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J Affect Disord. 2018 Mar 1;228:160-165. doi: 10.1016/j.jad.2017.12.018. Epub 2017 Dec 8.

'Taking back the reins' - A qualitative study of the meaning and experience of self-management in bipolar disorder.

Author information

1
Department of Psychological Sciences, Faculty of Health, Arts and Design, Swinburne University of Technology, Melbourne, Australia.
2
Division of Mood Disorders, Department of Psychiatry, University of British Columbia, Vancouver, BC, Canada.
3
School of Social Work, University of British Columbia, Okanagan, BC, Canada.
4
Department of Psychological Sciences, Faculty of Health, Arts and Design, Swinburne University of Technology, Melbourne, Australia. Electronic address: gwm@swin.edu.au.

Abstract

BACKGROUND:

Self-management (SM) is increasingly emphasised as a key aspect of bipolar disorder (BD) treatment. However, little is known about the subjective experience of SM, which might have both positive and negative impacts. The present study aimed to advance this literature through qualitative investigation of the experiences of people with BD who participated in an SM intervention targeting quality of life (QoL).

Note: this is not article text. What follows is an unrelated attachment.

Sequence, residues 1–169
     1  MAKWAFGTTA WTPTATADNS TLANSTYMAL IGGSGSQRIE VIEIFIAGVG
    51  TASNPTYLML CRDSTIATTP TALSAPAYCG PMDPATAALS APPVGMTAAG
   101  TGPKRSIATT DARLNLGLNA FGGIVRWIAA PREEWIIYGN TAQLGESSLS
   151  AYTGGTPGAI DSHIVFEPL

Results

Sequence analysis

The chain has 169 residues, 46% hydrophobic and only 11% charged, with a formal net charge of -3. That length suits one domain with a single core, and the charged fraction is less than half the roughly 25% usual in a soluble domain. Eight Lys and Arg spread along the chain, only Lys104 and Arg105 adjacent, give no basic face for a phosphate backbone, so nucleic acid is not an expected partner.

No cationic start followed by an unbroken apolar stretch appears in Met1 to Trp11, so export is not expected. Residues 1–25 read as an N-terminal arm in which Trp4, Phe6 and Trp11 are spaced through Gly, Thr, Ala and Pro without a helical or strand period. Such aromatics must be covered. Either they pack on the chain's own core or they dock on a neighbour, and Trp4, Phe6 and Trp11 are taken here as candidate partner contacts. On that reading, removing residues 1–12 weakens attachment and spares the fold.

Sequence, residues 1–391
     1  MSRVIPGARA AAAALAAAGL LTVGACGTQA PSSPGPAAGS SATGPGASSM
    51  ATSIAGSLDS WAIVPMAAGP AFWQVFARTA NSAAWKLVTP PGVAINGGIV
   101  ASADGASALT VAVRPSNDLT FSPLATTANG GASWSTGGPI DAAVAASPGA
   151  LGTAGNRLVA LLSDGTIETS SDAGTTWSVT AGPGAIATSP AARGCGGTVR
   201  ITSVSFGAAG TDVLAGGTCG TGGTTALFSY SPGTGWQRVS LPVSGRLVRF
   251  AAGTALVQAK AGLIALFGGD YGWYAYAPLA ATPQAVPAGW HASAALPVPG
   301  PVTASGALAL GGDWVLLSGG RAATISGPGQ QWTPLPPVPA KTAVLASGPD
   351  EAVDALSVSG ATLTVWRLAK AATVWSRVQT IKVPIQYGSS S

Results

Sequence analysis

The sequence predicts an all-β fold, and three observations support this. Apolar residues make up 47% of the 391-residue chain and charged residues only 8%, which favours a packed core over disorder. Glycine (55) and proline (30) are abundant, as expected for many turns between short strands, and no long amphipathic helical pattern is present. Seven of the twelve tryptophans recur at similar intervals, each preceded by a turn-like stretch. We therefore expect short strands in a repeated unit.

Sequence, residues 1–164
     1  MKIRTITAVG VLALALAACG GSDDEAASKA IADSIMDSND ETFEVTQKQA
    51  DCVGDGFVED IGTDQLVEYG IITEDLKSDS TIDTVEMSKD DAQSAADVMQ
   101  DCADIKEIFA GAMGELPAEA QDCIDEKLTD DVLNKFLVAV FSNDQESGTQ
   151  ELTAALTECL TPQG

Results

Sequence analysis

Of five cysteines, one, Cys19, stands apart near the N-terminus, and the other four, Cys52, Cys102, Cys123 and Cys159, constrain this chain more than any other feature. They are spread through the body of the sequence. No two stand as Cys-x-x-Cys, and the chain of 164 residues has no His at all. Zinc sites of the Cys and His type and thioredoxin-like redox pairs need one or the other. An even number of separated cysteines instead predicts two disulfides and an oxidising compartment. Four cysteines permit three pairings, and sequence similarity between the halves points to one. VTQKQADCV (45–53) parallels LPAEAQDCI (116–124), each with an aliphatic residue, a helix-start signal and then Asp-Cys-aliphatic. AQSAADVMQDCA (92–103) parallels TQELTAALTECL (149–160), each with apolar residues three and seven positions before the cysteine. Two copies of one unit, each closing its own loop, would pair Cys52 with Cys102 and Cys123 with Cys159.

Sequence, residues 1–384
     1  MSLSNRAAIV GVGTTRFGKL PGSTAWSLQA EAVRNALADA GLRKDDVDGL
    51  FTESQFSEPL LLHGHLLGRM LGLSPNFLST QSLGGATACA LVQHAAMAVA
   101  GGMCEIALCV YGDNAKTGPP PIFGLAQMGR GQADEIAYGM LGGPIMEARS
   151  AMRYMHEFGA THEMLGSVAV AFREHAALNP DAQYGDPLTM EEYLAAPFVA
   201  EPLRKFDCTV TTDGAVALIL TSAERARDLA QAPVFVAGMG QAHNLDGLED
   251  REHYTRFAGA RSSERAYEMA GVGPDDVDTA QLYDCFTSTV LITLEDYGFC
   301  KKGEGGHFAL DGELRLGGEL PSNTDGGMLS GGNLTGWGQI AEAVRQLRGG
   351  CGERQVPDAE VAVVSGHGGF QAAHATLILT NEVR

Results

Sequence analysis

METHODS:

Forty-three individuals with BD engaged with an SM intervention and were later questioned about personal experiences of engagement with the intervention, including attempts to enact self-management strategies. Thematic analysis was used to identify important aspects of the experience of SM in BD.

RESULTS:

Four themes describing people's experiences of SM were identified: 1) SM for BD is empowering, 2) individual responsibility to self-manage BD, 3) SM strategies lack power to control BD, and 4) the relationship of SM to the healthcare system.

LIMITATIONS:

Potential limitations to generalisability may occur from self-selection bias in favour of SM and the QoL-focused nature of the present intervention.

CONCLUSIONS:

The findings of this research generate novel insights into ways in which individuals with BD engage with SM interventions. For most people with BD, SM invokes a sense of empowerment and responsibility, although some feel symptoms remain beyond their control. A sense of partnership between consumers and clinicians may emerge from attention to SM, but traditional medical approaches were perceived as neglecting this aspect of care. Considerations from consumer perspectives are presented to assist clinicians and researchers utilising SM interventions in BD.

KEYWORDS:

Bipolar disorder; Psychoeducation; Qualitative; Quality of life; Recovery; Self-management

PMID:
29248822
DOI:
10.1016/j.jad.2017.12.018
[Indexed for MEDLINE]

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